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ttys(5) [v7 man page]

TTYS(5) 							File Formats Manual							   TTYS(5)

NAME
ttys - terminal initialization data DESCRIPTION
The ttys file is read by the init program and specifies which terminal special files are to have a process created for them which will allow people to log in. It contains one line per special file. The first character of a line is either `0' or `1'; the former causes the line to be ignored, the latter causes it to be effective. The second character is used as an argument to getty(8), which performs such tasks as baud-rate recognition, reading the login name, and call- ing login. For normal lines, the character is `0'; other characters can be used, for example, with hard-wired terminals where speed recog- nition is unnecessary or which have special characteristics. (Getty will have to be fixed in such cases.) The remainder of the line is the terminal's entry in the device directory, /dev. FILES
/etc/ttys SEE ALSO
init(8), getty(8), login(1) TTYS(5)

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GETTY(8)						      System Manager's Manual							  GETTY(8)

NAME
getty - set terminal mode SYNOPSIS
getty [ type [ tty ] ] DESCRIPTION
Getty is usually invoked by init(8) to open and initialize the tty line, read a login name, and invoke login(1). getty attempts to adapt the system to the speed and type of terminal being used. The argument tty is the special device file in /dev to open for the terminal (e.g., ``ttyh0''). If there is no argument or the argument is ``-'', the tty line is assumed to be open as file descriptor 0. The type argument can be used to make getty treat the terminal line specially. This argument is used as an index into the gettytab(5) database, to determine the characteristics of the line. If there is no argument, or there is no such table, the default table is used. If there is no /etc/gettytab a set of system defaults is used. If indicated by the table located, getty will clear the terminal screen, print a banner heading, and prompt for a login name. Usually either the banner of the login prompt will include the system hostname. Then the user's name is read, a character at a time. If a null character is received, it is assumed to be the result of the user pushing the `break' (`interrupt') key. The speed is usually then changed and the `login:' is typed again; a second `break' changes the speed again and the `login:' is typed once more. Successive `break' characters cycle through the same standard set of speeds. The user's name is terminated by a new-line or carriage-return character. The latter results in the system being set to treat carriage returns appropriately (see tty(4)). The user's name is scanned to see if it contains any lower-case alphabetic characters; if not, and if the name is nonempty, the system is told to map any future upper-case characters into the corresponding lower-case characters. Finally, login is called with the user's name as an argument. Most of the default actions of getty can be circumvented, or modified, by a suitable gettytab table. Getty can be set to timeout after some interval, which will cause dial up lines to hang up if the login name is not entered reasonably quickly. DIAGNOSTICS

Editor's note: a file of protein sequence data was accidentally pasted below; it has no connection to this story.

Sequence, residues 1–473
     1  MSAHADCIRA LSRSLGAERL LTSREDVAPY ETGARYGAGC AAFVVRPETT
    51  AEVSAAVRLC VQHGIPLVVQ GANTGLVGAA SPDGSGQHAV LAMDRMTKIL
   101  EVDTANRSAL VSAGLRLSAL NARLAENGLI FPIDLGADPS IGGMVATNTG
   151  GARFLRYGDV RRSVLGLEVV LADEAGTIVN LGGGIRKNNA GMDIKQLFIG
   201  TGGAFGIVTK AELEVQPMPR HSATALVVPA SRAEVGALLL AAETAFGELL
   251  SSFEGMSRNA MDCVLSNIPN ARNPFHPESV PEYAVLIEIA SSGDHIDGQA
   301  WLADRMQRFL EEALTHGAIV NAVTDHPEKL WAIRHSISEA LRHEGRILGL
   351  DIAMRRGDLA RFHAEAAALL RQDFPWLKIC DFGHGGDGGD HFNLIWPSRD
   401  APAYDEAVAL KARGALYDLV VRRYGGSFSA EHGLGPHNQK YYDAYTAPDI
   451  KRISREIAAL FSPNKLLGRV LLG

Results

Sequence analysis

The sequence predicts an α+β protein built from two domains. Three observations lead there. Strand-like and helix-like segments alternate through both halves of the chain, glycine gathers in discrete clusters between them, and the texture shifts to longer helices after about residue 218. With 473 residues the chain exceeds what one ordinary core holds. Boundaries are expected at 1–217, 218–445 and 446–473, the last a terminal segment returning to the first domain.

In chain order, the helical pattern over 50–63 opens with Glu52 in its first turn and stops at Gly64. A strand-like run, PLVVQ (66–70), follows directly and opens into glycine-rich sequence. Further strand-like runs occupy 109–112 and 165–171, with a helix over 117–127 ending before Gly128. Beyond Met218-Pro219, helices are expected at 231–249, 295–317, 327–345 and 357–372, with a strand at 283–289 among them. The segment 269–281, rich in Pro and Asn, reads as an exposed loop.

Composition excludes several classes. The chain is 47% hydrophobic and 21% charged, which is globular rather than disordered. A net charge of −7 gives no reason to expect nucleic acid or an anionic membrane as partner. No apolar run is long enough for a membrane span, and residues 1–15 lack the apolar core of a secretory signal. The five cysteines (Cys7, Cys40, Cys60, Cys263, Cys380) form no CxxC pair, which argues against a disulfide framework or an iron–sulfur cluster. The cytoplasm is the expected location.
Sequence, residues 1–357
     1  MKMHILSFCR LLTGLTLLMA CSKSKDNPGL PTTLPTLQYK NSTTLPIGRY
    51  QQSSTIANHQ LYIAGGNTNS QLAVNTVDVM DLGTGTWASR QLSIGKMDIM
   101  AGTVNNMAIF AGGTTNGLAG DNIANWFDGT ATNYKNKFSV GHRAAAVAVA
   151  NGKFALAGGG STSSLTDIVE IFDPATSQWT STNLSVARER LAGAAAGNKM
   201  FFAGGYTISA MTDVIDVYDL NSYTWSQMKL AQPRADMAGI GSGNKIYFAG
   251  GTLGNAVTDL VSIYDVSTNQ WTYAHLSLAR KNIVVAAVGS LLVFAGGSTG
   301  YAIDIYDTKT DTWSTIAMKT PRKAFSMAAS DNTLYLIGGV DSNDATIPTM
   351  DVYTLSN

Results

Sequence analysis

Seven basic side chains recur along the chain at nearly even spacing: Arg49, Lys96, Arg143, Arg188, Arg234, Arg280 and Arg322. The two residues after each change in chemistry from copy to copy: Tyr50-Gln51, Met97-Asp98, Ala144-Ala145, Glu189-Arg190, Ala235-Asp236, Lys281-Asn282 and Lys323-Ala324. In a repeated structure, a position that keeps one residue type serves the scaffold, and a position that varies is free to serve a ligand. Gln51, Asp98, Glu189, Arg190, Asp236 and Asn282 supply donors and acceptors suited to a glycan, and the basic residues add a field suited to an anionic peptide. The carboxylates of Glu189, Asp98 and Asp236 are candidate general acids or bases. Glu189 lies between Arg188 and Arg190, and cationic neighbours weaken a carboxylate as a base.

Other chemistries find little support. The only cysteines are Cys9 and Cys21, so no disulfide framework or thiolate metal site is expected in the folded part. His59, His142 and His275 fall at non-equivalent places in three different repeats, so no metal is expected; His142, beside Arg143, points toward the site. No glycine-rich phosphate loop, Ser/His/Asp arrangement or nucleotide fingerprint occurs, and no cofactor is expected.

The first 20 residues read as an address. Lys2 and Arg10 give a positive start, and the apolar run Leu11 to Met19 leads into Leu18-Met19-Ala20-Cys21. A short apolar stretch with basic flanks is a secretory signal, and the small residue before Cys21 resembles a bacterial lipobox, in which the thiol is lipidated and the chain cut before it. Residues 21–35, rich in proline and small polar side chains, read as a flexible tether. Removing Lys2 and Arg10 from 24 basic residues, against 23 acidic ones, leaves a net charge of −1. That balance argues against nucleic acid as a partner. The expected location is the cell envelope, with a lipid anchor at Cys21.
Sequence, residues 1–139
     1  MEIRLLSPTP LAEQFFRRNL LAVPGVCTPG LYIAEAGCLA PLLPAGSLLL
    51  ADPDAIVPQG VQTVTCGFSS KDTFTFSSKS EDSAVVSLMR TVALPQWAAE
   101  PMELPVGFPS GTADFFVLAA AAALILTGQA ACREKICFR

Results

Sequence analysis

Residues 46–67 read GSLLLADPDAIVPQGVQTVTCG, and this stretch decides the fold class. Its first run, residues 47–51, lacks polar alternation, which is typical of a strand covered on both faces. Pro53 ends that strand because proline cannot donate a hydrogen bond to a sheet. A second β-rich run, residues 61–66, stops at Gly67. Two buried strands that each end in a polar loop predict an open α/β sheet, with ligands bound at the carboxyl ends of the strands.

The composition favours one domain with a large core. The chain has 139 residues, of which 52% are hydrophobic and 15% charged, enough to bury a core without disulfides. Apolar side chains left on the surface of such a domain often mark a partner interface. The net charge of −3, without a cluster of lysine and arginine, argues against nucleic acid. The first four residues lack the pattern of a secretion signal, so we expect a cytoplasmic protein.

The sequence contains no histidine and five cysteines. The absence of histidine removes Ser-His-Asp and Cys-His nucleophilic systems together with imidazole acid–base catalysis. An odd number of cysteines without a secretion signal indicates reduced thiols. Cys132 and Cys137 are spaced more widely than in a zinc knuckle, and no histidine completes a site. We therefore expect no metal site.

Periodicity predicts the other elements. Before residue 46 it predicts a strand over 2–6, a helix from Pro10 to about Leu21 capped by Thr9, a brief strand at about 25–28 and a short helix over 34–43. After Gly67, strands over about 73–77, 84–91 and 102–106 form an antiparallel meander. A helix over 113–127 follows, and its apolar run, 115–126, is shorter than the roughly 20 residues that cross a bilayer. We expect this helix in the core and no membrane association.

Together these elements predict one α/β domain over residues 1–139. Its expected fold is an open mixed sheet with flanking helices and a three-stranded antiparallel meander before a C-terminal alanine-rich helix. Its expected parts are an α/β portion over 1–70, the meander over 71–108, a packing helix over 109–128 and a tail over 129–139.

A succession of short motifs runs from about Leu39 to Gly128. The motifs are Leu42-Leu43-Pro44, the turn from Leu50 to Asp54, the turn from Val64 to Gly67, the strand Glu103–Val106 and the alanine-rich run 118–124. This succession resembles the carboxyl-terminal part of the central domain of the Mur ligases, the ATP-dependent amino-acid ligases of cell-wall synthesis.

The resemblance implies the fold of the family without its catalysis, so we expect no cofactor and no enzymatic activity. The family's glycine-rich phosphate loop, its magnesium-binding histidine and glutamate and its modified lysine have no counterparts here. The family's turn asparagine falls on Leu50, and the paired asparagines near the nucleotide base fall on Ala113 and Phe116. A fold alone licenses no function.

ttyxx: No such device or address. ttyxx: No such file or address. A terminal which is turned on in the ttys file cannot be opened, likely because the requisite lines are either not configured into the system, the associated device was not attached during boot-time system con- figuration, or the special file in /dev does not exist. FILES
/etc/gettytab SEE ALSO
gettytab(5), init(8), login(1), ioctl(2), tty(4), ttys(5) 4th Berkeley Distribution November 17, 1996 GETTY(8)
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